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Well Before Summer, Hamptons Luxury Real Estate Is Scorching

A bidding war broke out last year for a 14-bedroom 1891 mansion on two acres in East Hampton Village. Listed at $24.5 million, the property sold for $25.75 million.

ering the bulkheads and merchandising the seductive strata of housing stock (from darling shingled cottages to resorts-masquerading-as-mansions), with brokers forecasting yet another pricey summer season. “Nobody really suffers from Hamptons sticker shock anymore,” said Judi Desiderio, the founder of Town and Country Real Estate.
Harald Grant, a senior vice president of Sotheby’s International Realty, has already rented out an oceanfront house in Southampton for $550,000 for the month of August alone and has a stack of 14 contracts and purchase memos on his desk representing pending sales of $4.5 million to $25 million. Not to worry: the most expensive oceanfront property in the Hamptons, on East Hampton’s Lily Pond Lane and co-listed by Tim Davis of the Corcoran Group and Diane Saatchi of Saunders & Associates, is still available for $40 million.
For high-rolling renters, Mr. Grant has a trio of oceanfront rentals in Southampton that can be had for the summer for $400,000, $600,000 or $800,000. Why pay $25 million to buy, and more to maintain, a summer getaway when you can rent and run? Or, for a million or so, you can rent year round.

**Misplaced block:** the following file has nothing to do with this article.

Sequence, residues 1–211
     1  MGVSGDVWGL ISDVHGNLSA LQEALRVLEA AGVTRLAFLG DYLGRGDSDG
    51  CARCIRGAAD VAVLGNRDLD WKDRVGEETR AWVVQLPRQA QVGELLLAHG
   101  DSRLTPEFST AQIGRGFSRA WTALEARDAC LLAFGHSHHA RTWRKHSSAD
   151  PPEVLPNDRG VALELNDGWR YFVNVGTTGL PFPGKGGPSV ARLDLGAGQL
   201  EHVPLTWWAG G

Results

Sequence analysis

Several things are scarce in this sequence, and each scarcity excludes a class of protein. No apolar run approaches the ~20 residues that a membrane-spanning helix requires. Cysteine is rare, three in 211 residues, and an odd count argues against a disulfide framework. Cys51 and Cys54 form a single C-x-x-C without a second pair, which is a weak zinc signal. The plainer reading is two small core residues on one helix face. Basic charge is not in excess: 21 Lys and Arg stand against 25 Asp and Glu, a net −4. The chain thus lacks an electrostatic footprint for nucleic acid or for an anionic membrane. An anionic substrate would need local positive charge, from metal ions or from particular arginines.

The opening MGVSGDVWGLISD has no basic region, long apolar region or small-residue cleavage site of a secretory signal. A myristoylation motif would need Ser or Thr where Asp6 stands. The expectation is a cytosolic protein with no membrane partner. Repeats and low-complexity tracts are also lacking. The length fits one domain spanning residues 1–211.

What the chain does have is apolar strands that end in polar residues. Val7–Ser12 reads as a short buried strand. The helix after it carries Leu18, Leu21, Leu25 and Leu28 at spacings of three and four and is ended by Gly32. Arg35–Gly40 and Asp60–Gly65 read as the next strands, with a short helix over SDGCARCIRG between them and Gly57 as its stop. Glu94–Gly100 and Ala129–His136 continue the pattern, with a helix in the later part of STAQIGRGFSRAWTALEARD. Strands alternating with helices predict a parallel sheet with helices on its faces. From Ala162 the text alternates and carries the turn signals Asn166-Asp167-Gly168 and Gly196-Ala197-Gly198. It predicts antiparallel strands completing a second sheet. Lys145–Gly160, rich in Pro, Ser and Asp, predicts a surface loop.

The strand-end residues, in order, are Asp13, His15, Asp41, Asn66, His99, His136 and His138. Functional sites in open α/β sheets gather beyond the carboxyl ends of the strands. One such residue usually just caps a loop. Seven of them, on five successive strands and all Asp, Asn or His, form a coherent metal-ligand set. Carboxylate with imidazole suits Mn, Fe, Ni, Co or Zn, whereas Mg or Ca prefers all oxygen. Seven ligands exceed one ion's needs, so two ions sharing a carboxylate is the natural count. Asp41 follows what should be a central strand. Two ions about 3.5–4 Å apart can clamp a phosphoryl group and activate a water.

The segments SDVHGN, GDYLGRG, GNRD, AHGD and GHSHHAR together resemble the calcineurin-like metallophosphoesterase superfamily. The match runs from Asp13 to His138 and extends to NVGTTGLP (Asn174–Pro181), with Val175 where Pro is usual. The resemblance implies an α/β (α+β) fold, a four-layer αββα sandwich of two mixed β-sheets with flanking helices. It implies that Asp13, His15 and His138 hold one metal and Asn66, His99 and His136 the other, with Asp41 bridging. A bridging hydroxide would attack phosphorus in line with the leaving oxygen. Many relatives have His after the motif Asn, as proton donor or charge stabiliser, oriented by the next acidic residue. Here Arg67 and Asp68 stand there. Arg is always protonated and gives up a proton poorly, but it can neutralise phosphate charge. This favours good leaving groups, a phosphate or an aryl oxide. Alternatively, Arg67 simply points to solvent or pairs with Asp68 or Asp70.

“But in general what’s different this season,” Mr. Grant said, “is that in the mind of most buyers, less is more, and nobody wants to be the king of the hill and flaunt their wealth the way people were doing before the recession.
“Folks who spent $20,000 for a month’s rental,” he continued, “may be looking to spend $15,000. Folks who could be driving a Rolls-Royce are settling for a Mercedes. People aren’t saying, ‘I have to have it; I’ll pay anything,’ and writing checks on the spot. An owner who says, ‘I want $32 million for my oceanfront house’ probably isn’t going to get it. He’ll get somewhere in the mid-20s.”
But only if the house has a pool, a tennis court and central air-conditioning; just being oceanfront isn’t enough anymore.
Still, abundant deals are to be had for perceptive buyers who don’t require fur vaults, wine caves or home theaters.
“I just sold a wonderful house for $2.9 million in Southampton Village,” Mr. Grant said. “Five bedrooms, five bathrooms and a pool on half an acre. My clients would have liked a tennis court, but instead of spending $5 million, they scaled back a bit and they’re happy and comfortable with that decision.”

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